Pasifika and Maori scientists continue to be "severely under-represented" in New Zealand universities and Crown Research Institutes, according to new research.
The study authors say the data shows universities and institutes were "failing to build a sustainable Māori and Pasifika scientific workforce".
One of the authors, the University of Auckland's Sereana Naepi, said "sadly nothing's changed" in the 11 years since similar research was conducted.
According to Dr Naepi this showed Pasifika science graduates, even at doctoral level, "are not finding jobs at Crown Research Institutes or universities after completing these qualifications" which went against their public commitment to diversity.
The lack of Pasifika and Māori in these fields, she continued, suggested three mechanisms were at play including diversity being used as window dressing.
"This idea that you get Māori and Pacific scientists to pose for the photo, perhaps get tagged on to a research project but not directly involved or we're on a temporary contract. So we're there when you need to look like you're doing diversity," she said.
"The other is this idea of desirable diversity."
She said this was about who got to determine when diversity was desirable.
"So, it's really nice to have Māori and Pacific scientists when we want to take a photo or when we want to talk about research grants. It's not so nice to have Māori and Pacific scientists when we say 'actually no, we want to be the lead on this research grant, we want permanent positions and the way that we are currently doing science in this lab is problematic for our communities.'"
The third was "non-performative diversity" where institutions said they were 'doing diversity' but they were not.
"They get to say that they're committed to diversity, they've got a diversity policy, they're doing their best. Yet they know they haven't had an increase in Māori and Pacific scientists for the last 11 years," she added.
Other research projects have shown that a more diverse group of researchers produce broader and more novel ideas, Dr Naepi continued.
"And that's simply because we have different ontological stand-points, so we understand the world differently.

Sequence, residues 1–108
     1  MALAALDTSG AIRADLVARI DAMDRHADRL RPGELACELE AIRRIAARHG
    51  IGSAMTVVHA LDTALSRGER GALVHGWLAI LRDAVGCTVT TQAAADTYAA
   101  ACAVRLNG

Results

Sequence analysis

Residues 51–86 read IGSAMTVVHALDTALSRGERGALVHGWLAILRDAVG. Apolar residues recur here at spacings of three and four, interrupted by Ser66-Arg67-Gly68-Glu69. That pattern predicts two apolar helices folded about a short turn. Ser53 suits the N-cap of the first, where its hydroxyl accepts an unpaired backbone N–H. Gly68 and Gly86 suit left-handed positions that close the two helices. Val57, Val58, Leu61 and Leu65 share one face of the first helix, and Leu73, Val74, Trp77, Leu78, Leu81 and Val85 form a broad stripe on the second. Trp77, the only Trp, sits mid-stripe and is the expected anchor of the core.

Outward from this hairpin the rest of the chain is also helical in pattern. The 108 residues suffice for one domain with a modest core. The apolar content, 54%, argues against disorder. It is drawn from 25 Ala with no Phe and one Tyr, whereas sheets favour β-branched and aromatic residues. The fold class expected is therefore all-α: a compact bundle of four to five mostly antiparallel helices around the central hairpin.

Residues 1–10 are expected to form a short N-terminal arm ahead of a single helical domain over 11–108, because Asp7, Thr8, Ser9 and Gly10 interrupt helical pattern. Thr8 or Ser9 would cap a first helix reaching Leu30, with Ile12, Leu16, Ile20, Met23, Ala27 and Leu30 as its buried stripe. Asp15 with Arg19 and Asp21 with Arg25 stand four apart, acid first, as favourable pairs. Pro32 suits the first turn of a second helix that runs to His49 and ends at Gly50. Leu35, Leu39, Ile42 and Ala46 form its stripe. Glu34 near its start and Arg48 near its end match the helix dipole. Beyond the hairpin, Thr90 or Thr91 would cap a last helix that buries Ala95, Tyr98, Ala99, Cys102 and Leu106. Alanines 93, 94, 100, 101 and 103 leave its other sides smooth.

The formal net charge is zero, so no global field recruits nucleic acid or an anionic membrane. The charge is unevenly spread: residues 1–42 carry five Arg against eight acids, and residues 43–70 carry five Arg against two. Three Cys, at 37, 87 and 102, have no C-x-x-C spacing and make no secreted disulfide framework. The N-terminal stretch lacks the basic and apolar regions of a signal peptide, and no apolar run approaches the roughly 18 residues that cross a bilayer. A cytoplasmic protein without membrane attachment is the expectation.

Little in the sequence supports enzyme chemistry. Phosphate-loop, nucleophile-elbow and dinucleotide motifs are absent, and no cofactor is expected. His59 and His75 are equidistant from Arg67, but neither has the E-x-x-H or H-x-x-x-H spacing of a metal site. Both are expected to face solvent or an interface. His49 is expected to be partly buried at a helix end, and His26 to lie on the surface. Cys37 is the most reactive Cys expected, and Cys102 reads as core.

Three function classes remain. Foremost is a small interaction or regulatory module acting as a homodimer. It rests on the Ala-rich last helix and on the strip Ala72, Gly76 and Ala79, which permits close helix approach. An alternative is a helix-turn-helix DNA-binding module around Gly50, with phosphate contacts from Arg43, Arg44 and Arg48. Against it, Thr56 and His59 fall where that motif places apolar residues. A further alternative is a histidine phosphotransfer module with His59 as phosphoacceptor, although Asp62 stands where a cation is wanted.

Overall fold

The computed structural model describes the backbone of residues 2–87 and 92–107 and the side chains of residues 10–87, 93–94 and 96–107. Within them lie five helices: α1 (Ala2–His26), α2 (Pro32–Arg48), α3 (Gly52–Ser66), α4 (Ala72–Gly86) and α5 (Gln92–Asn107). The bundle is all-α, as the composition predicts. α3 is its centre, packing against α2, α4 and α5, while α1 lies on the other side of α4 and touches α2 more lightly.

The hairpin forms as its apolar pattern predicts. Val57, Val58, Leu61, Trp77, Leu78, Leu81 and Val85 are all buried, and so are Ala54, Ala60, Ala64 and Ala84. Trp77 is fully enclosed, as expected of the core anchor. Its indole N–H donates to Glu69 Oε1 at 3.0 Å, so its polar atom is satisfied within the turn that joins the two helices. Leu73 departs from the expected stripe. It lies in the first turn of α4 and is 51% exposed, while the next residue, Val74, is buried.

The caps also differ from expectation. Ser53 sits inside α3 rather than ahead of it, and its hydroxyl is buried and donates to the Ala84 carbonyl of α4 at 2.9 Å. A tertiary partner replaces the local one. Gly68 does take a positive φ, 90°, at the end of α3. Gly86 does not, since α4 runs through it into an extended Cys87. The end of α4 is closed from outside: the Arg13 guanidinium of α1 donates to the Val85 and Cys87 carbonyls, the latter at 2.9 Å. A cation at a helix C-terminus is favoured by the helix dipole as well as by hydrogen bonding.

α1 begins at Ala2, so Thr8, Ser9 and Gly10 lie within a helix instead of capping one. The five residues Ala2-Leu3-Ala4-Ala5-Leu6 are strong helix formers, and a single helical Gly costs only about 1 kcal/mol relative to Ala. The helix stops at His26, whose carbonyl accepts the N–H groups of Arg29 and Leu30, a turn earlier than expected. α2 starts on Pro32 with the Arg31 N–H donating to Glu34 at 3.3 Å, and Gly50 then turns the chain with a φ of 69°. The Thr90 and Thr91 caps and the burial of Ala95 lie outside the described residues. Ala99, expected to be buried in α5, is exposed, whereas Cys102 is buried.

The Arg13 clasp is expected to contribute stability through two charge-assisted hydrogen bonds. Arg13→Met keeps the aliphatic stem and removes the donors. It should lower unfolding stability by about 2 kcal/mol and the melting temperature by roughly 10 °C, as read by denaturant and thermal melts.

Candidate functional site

"For instance, in Fijian culture, the idea of knowledge is a gift. And how you care for a gift or pass on a gift is really different to how Western society understands how knowledge is something to have or something to obtain," she said.
Dr Naepi noted that many indigenous communities in the Pacific and elsewhere essentially provided longitudinal studies in environmental observation, and pointed out how Pacific people observed changes to the climate quite some time ago.
People who lived on the ocean and lands in the region had been alerting others to change well before the science community.
"But because the research wasn't done in labs, it wasn't picked up," she added.
Scientists then came to indigenous communities and asked them to share their experience of climate change, she asserted. This knowledge was then appropriated, "they take that knowledge, they publish that knowledge and they claim that knowledge" she added.
"As opposed to ensuring that our communities have the capacity and capability to tell our own stories."
Dr Naepi noted that traditional knowledge among indigenous Pacific communities may hold answers to dealing with medical issues like antibiotic resistant bacteria.
"What do we know about plants in the Pacific that we've used traditionally to heal that may be useful in terms of advancing our understanding of antibiotic research?"
These opportunities for the scientific community will be missed according to Dr Naepi if indigenous Pacific communities continue to be excluded from research laboratories. Dr Naepi would like to see science academia take a broader view of what is valuable in science research.
"And start moving to this idea of an ecology of knowledge where we recognise that different and diverse bodies of knowledge have something to offer this world."
Dr Naepi added that the scientific community needs to develop meaningful relationships with indigenous Pacific communities to ensure that science research becomes a viable and desirable career option. She said the government's push to engage Pacific and Māori children in STEM subjects early is a positive start. Education research points to them being turned off the sciences early and she wants this to change.
"The science pipeline is fundamentally broken when we think about it. We haven't got our students being encouraged into STEM in primary, intermediate and secondary and as a result they're not coming in [to university] as under-grads."
Dr Naepi would like science to be seen as a viable career option.
"And encourage our communities to understand why we might want a Pacific astrophysicist, why we might want a Pacific antibiotic researcher."